Reducing the impact of insects and viruses on food security

Men In Black

The Virus Insect Interactions group is developing solutions to reduce the impact of insects and viruses on food security for sustainable production of vegetables, fruits and farmed shrimp.         (l-r) Group members Matt O'Neal, Bryony Bonning and Allen Miller give a nod to Men In Black. Photo illustration by Bob Elbert.

Walk into an Iowa soybean field in June and listen. The sun is warm, the humidity is tolerable and it's quiet. But beneath the knee-high vegetative canopy, the serenity slips away. Soybean aphids, progeny of accidental escapees from Asia, are tapped into the plant's succulent stems, sucking in sugar-rich juices like poolside vacationers sipping Planter's Punch.

In 2000, the soybean aphid invasion was detected in North America. Since then, outbreaks of this invasive species have become commonplace, threatening U.S. soybean production -- a crop valued at more than $40 billion in 2011. Aphid outbreaks are inconsistent and unpredictable, but they continually threaten food security worldwide because of the plant diseases they spread.

Soybean aphids feed by piercing a plant's phloem, the vein-like sap transport system plants use for circulating nutrients to their near and distant parts. Feeding sessions rob the plant of the nutrients it needs to grow.

Additionally, every time an aphid taps a fresh phloem tube, viruses flow through the insect's probing needle-like mouth that draws sap as readily as it releases aphid backwash.

"Aphids are nature's flying dirty hypodermic needles," said Matt O'Neal, associate professor of entomology. "They will probe a plant lightly to see if they can survive on it and right there they can infect a plant and pick up new viruses."

What's at stake

Nearly 24 million acres of soybeans are grown in Iowa, Illinois, Michigan and Ohio, and mitigating aphid-related yield losses cost growers an estimated $1.6 billion over the past decade. Iowa soybean farmers alone spend close to $60 million each year to this end. Most of this money is spent on products called Warrior, Mustang Max, Baythroid or Lorsban and the fossil fuel used to spray these products on the crops. These topical broad-spectrum insecticides kill insects by paralyzing their nervous system. They are not target-specific so beneficial insects such as pollinators and natural predators of the aphid also die.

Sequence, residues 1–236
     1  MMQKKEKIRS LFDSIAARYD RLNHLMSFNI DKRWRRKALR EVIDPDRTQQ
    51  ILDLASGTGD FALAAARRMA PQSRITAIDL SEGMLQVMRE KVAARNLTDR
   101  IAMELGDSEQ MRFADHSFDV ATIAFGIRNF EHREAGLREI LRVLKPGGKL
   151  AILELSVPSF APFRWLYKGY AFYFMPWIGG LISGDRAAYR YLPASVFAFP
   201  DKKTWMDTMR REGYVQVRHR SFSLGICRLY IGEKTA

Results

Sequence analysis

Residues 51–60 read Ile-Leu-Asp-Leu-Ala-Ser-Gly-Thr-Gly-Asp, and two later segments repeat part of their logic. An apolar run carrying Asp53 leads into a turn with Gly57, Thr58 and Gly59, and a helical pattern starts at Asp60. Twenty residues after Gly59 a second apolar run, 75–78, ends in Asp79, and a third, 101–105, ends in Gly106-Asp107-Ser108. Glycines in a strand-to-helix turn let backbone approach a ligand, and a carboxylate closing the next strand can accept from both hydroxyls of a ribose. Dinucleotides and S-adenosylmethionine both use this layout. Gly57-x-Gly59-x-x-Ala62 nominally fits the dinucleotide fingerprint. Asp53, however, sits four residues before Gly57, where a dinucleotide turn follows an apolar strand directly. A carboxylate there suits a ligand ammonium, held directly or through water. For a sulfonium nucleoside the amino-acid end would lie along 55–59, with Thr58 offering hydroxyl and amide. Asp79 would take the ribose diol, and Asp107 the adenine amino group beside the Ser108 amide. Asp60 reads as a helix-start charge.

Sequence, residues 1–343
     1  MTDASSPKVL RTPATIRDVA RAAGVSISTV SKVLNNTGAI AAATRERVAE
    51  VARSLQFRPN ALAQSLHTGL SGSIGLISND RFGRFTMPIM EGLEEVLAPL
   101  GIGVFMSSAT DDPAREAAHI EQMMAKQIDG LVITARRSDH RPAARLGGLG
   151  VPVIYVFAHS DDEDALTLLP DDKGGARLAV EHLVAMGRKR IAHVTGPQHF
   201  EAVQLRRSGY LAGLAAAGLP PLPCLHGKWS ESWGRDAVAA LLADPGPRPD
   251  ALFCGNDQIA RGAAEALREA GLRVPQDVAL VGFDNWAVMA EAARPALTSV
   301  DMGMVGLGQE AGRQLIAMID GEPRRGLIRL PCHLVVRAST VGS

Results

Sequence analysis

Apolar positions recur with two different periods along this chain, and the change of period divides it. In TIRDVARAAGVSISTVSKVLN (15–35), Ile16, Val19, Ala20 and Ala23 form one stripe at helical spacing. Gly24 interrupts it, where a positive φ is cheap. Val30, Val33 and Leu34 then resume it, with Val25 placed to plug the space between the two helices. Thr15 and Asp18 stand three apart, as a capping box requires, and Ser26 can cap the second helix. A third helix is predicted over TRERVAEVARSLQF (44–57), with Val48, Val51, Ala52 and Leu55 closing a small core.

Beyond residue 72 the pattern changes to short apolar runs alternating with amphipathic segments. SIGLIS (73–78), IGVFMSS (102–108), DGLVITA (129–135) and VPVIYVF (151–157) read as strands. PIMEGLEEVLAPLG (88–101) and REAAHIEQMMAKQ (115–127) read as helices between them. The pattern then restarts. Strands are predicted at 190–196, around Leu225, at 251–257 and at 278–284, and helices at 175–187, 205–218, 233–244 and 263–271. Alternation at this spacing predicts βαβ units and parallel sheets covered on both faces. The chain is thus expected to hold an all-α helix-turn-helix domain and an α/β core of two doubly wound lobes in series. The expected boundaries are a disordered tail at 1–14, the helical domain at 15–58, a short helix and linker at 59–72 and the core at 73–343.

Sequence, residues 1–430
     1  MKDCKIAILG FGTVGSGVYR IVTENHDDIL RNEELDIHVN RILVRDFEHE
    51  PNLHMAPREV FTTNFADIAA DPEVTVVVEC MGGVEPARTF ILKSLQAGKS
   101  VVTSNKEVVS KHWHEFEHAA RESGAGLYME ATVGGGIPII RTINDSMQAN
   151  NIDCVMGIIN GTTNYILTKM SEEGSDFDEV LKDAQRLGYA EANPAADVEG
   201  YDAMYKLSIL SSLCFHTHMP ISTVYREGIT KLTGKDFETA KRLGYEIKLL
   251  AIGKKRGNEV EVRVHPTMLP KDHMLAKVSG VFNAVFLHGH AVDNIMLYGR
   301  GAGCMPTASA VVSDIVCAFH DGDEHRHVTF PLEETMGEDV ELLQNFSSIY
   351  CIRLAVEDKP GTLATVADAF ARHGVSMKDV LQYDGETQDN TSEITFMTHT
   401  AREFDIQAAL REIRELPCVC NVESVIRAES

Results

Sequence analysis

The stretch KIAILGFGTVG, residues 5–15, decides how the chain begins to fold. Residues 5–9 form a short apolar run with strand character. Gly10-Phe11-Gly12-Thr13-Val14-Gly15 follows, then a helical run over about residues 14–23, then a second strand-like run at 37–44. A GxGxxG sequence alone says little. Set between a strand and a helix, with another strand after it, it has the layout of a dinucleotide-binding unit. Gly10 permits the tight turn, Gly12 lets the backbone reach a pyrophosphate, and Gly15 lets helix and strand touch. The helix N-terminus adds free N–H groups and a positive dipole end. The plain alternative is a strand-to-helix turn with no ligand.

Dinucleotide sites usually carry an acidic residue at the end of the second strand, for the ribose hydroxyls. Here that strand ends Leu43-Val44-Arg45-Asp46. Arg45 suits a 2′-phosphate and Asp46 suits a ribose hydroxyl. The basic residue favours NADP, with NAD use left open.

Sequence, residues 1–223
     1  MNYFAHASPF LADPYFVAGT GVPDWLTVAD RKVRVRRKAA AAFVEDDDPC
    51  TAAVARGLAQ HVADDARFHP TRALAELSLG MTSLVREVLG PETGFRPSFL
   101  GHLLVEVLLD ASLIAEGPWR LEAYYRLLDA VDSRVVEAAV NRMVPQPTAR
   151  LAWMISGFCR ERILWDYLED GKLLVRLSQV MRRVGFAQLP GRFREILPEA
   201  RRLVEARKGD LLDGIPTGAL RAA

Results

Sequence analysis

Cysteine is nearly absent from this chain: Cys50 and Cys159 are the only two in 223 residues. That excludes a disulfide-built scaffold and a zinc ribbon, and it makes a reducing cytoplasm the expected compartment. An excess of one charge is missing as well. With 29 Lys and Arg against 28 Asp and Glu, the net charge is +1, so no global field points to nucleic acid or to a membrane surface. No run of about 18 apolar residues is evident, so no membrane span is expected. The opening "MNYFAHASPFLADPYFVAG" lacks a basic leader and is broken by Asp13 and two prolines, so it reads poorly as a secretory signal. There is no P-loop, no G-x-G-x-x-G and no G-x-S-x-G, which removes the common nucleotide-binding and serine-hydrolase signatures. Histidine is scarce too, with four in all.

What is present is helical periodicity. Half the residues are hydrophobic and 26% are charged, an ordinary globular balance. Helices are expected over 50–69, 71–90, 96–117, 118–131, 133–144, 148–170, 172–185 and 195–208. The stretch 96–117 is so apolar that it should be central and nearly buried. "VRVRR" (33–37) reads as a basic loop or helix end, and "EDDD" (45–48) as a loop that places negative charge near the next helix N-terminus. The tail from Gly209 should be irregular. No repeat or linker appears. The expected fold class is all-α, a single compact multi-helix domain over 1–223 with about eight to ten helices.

Pollinators are important. The U.S. Department of Agriculture has reported that annual honeybee pollination is responsible for $15 billion in added crop value. The honeybee and several hundred other bee species are native to North America. In 2011, O'Neal identified about 20 species living in central Iowa soybean fields. These native bees contribute about $3 billion per year to crop pollination, he said.

Insecticides carry a warning label stating time-of-day limits for application specifically to protect bees during their peak activity hours. To its credit, Iowa requires commercial applicators to steer clear of apiaries within a mile of pesticide application, and beekeepers must register with the state for this consideration.Nonetheless, environmental and human health impacts from insecticides remain unanswered. And, if the insecticide does not kill all the aphids, they simply move to neighboring fields, spreading the problem.

A team and a model to answer the threat

Bryony Bonning, professor of entomology, and Allen Miller, a molecular virologist and professor of plant pathology, have been developing a way for plants to resist both aphids and viruses to give plants and farmers a biology-driven insurance policy to protect against insect infestations and viral outbreaks. 

Bonning serves as principal investigator to an interdisciplinary team called the Virus Insect Interactions (VII) group that includes Miller and O'Neal. By attracting outside funding, VII is working to become a nationally recognized center for solving emerging threats to cropping systems.

The team includes plant pathologists, molecular virologists, entomologists, crop scientists, extension field specialists, social scientists and modelers. Their focus is on exploiting the strengths and weaknesses of insect-associated viruses to protect plants and beneficial insects, starting with soybean aphids.

Fifteen years in the making, Bonning and Miller's newly developed model plant expresses a viral coat protein fused to a toxin (from an Australian spider) in phloem cells. The plant uses the naturally customized coat protein like an address label and escort all in one to deliver the toxin to an aphid's gut as the insect sips phloem sap. Thus, the toxin and its courier hit only the target phloem feeder.

Just getting started

There are some 500 species of aphid native to North America and several thousand throughout the world, so successful strategies for controlling the soybean aphid will help efforts to control other aphid species and the viruses they spread.